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Strategic Project Planning
Similar to a ship with out a sail, a project without a clearly articulated strategic plan is destined to drift aimlessly. Here are a few things to think about when planning your next project.
All too often there comes a point in a project that we begin to wonder, “Where are we going?” Regardless of size of the project there seems to be a tendency to reach a point of uncertainty in the overall direction of the project. The disconnect permeates throughout the project team and wrecks havoc on the ability to achieve positive results. Similar to a ship with out a sail, a project without a clearly articulated strategic plan is destined to drift aimlessly. Here are a few things to think about when planning your next project, think of it as a road map to identify the Strategic Project Plan.
Mission Statement: Similar to a business plan, the strategic project plan stands to benefit from clearly identifying a Mission Statement. As a stand-alone item, Mission Statements may seem lofty and lacking in sufficient level of granularity but they can come in handy when you feel the project drift into uncharted territory. A Project Mission Statement, like the center-mast of a ship, is critical in ensuring that your project stays the course. Without it you might as well pack it in and wait for the rescue boat. And if you’ve ever seen a rescue boat, they’re not very elegant means of transportation.
This is not to say that a Mission Statement, in traditional terms, is absolutely required. GE for instance, uses an operating philosophy and clear objectives built on 4 strategic principals. The critical component is that their strategic principals are clear, simple yet meaningful. It’s the same with a project Mission Statement, there needs to be some overarching purpose that can be used to support the entire project.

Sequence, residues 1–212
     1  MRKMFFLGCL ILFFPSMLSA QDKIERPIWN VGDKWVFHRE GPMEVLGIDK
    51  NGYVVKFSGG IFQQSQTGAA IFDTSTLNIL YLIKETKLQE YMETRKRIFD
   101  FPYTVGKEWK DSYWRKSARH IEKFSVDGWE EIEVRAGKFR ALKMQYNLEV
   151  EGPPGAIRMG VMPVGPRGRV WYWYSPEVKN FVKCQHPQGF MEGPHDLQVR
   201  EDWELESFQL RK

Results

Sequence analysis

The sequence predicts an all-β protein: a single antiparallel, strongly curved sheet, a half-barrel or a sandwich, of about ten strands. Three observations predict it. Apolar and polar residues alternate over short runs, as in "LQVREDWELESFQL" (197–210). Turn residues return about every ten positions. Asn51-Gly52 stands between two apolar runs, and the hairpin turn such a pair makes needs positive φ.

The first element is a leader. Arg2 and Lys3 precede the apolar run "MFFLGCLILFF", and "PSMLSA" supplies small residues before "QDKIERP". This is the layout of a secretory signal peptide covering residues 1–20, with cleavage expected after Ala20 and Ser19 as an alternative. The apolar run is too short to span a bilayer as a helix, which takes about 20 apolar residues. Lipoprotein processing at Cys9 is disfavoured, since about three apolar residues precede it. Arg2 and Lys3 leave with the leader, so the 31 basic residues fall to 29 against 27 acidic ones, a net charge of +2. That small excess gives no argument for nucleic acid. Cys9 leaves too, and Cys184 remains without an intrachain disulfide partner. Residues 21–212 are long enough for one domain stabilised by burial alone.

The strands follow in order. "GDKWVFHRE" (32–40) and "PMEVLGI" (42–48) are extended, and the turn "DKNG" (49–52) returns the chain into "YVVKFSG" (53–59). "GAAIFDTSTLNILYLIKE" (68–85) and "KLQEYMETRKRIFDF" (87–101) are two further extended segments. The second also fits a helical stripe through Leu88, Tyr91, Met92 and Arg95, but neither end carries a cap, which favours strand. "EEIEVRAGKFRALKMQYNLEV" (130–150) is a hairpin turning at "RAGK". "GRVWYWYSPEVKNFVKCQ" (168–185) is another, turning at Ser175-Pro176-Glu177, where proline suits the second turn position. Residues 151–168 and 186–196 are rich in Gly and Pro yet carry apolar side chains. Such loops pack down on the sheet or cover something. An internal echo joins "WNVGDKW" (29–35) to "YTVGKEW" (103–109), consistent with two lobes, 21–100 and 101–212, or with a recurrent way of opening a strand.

GE’s 4 Strategic Principals
- Build leadership businesses
- Focus on reliable execution and financial discipline
- Drive growth as a process
- Spread ideas across great people and teams that share common values
Here are a couple corporate Mission Statements;
- “We help people trade practically anything on earth.” eBay
- “To inspire and nurture the human spirit— one person, one cup, and one neighborhood at a time.” Starbucks
- “The Chicago Bulls organization is a sports entertainment company dedicated to winning NBA Championships, growing new basketball fans, and providing superior entertainment, value and service.” Chicago Bulls
Likewise, a Project Mission Statement should be clear, simple and direct. Notice the statements above are quite flexible, so much so that they support a lot of different initiatives. It’s the same with a Project Mission Statement; it needs to have the strength to withhold the weight of our objectives, goals and action plan, as well as the uncertainty that surrounds even the strongest plans.
Here’s a Project Mission Statement we can use that sticks with our our sailing theme;
“To travel the world in a sailboat.”
Project Objectives: Objectives are oftentimes misinterpreted as Goals, however like a Mission Statement, they tend to be somewhat fluffy. Nonetheless, they go one step further by acting as the glue that will hold together our project strategy. Here are a few Objectives I cooked up based on our mission to travel the world in a sailboat;
- Ensure our passengers and crew are safe at all times